Once again, the Washington Capitals have been unceremoniously ousted from the playoffs in a gut-wrenching game seven after relinquishing a lead. It hurts. The coming days and weeks and months will be filled with chatter about what it all means and who’s a choker and who needs to step up and who’s a leader and other nonsense like that. For now, let’s just bask in the misery.
The Washington Capitals have been eliminated by the New York Rangers.
There was a moment around lunchtime when I had actually convinced myself game seven between the Capitals and Rangers might not be a low-scoring, one-goal game decided in overtime. Maybe you thought the same. If so, you’re a dummy too. This was always going to be tight. It was always going to be a goalie duel. This was always going to be excruciating. The only thing we didn’t know wasthat this was the end.
Alex Ovechkin scored in the first period, fighting to win a faceoff then driving to the net as Marcus Johansson dealt him the puck. A glut of penalties sucked up the second period, capped off by Kevin Hayes’ goal to knot the game heading into the third period. The Rangers pushed late, but some great work by the Caps forward depth and Braden Holtby held on for overtime, which is when Josh Groban said
For the second time in as many rounds, the Washington Capitals’ season comes down to one game. Tied 3 games to 3 with the New York Rangers, the Caps must win to advance to the conference final for the first time since season two of Buffy the Vampire Slayer, when Buffy had to kill Angel to stop Acathla from swallowing the Earth. If the Caps lose, it’ll probably feel about the same as when Buffy had to kill Angel to stop Acathla from swallowing the Earth.
Your boy Chris Gordon is in The New York Times again, where they call it “Game 7″ instead of “game seven.” This time, Chris writes about the would-be hero of Game 6 (see?), Joel Ward. Ward scored one goal and assisted on two more in Washington’s 4-3 loss to New York. He’s a big-game player, and games get no bigger than the one tonight. Read all about it.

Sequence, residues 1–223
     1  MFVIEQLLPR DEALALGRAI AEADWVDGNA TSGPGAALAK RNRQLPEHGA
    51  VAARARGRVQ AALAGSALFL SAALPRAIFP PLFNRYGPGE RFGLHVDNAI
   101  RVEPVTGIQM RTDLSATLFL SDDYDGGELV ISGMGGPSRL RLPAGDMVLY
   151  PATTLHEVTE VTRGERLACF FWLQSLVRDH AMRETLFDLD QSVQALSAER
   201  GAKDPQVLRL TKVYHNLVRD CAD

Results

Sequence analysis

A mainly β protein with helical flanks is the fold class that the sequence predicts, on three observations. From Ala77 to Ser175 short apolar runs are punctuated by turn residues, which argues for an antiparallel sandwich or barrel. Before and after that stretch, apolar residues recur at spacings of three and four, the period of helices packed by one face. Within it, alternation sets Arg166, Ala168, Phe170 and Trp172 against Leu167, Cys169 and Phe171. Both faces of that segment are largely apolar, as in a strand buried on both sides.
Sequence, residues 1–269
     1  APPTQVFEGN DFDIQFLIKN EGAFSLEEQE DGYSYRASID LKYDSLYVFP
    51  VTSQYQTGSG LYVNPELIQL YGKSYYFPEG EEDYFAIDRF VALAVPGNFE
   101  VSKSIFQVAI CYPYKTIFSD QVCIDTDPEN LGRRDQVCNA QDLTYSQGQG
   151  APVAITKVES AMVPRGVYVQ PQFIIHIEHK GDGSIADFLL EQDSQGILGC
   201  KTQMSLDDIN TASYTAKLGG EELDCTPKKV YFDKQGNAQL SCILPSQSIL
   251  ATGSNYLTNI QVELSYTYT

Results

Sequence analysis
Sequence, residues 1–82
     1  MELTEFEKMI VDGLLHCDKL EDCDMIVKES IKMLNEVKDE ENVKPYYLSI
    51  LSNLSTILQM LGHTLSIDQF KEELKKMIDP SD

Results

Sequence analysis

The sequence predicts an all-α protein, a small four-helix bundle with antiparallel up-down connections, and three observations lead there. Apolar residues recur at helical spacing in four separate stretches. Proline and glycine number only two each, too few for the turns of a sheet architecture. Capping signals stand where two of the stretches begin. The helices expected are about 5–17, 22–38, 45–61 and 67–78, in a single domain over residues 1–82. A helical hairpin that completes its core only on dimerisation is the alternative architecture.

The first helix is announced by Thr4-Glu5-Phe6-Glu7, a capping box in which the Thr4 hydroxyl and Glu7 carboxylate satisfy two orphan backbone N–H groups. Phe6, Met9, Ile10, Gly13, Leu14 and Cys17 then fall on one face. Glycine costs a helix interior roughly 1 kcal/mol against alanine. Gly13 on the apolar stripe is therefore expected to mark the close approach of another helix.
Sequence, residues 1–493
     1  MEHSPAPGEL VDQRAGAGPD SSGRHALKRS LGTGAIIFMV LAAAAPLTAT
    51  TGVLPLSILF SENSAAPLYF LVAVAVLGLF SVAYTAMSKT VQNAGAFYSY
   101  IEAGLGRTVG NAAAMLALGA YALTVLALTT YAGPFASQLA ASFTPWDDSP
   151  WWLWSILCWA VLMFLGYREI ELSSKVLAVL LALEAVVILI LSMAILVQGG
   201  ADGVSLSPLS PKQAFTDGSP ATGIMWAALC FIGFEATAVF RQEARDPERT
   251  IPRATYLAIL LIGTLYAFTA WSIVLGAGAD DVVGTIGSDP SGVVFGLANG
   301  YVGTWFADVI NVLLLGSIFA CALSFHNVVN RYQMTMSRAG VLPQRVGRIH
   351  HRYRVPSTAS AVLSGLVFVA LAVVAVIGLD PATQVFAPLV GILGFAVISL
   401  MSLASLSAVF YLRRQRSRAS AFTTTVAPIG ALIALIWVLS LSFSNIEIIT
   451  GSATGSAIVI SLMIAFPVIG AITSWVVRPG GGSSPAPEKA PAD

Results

No one knows the agony of games seven like fans of the Washington Capitals. The Caps, we’ve been told, are a team uniquely terrible at playing Big Games, which are bigger than small games, which don’t even get uppercase letters. Washington, led– perhaps only nominally– by Alex Ovechkin, are choking dogs. Or maybe they’re cursed. Basically, they’re cursed, choking dogs who are also lazy and don’t care about team accomplishments and they’re probably all going to go to Russia soon anyw—
The past is not always prologue. Sometimes the past is just trivia. Maybe it’s just painful trivia that provides writers a convenient angle from which to cover hockey, but it’s still trivia.
Tonight is game seven, gay sev to us in the know. It’s not the culmination of a franchise or some grand denouement for a city that needs a winner. It’s just an hour of hockey with one winner and one loser, an hour of hockey to determine if this is the end or not. That’s all.
Your favorite player might play in the biggest game of the season. Smiling god/defenseman Nate Schmidt has been recalled from the Hershey Bears. If he plays in game seven on Wednesday, he’ll be filling in for Tim Gleason, who was beleaguered and banged up in game six.
Gleason wound up with four third-period shifts last night, but none after 10:57.
Hello, darkness, my old friend. I’ve come to play game seven again.
The Washington Capitals were designed by the Enemy to make your life unbearable. They get dominated by the Rangers, the fall in a three-goal hole, they mount a comeback, they almost do it but fall late.
Chris Krieder scored the first and second goals of the game in the first and last minute of the first period. Jason Chimera cleaned up a rebound to get the Caps in it in the second, but Rick Nash and Dan Boyle scored early in the third to put us in blowout territory, but hold on.
Joel Ward forced a turnover and Evgeny Kuznetsov sunk it to restore some vitality to Verizon Center, then Ward did it solo– crashing the net to make it a one-goal game. A huge push late yielded nothing except stress.
Caps lose. To game seven, good ol’ gay sev, we go once more.
The New York Rangers have forced game six with some late-game drama. Caps in six.
No one scored in the first. No one scored in the second. No one scored until nine minutes left in the third, when Matt Niskanen set Curtis freaking Glencross loose in the offensive zone to score all alone. With 101 seconds left in #rego, goalie-hurter Chris Kreider converted on the rush to force overtime. Your playoff hero wore blue. It was Ryan McDonagh.
Rangers beat Caps 2-1 in overtime. The Caps lead the series 3-2. Caps in six.